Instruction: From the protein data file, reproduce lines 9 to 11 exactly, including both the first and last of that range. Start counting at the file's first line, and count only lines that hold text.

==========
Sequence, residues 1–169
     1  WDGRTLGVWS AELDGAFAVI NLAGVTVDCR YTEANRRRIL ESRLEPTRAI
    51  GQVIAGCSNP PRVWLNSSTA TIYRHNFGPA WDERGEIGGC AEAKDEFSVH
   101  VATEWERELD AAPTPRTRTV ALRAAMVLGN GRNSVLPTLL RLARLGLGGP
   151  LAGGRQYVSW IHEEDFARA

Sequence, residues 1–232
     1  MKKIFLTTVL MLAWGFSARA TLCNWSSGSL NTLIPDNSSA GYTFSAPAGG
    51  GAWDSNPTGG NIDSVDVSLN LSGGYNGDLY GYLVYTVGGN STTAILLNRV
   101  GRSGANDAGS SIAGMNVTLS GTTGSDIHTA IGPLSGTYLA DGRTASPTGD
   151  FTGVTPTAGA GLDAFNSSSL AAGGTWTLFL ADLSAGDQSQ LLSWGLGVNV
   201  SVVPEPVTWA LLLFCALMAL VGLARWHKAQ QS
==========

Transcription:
   101  GRSGANDAGS SIAGMNVTLS GTTGSDIHTA IGPLSGTYLA DGRTASPTGD
   151  FTGVTPTAGA GLDAFNSSSL AAGGTWTLFL ADLSAGDQSQ LLSWGLGVNV
   201  SVVPEPVTWA LLLFCALMAL VGLARWHKAQ QS